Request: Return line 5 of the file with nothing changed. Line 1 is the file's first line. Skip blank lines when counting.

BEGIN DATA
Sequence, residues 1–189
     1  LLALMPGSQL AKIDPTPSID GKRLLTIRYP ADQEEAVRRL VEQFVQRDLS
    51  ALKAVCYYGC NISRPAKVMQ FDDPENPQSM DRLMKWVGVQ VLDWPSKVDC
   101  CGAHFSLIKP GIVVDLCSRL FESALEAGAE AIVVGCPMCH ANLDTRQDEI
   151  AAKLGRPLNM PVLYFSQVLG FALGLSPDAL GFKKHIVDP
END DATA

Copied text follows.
   151  AAKLGRPLNM PVLYFSQVLG FALGLSPDAL GFKKHIVDP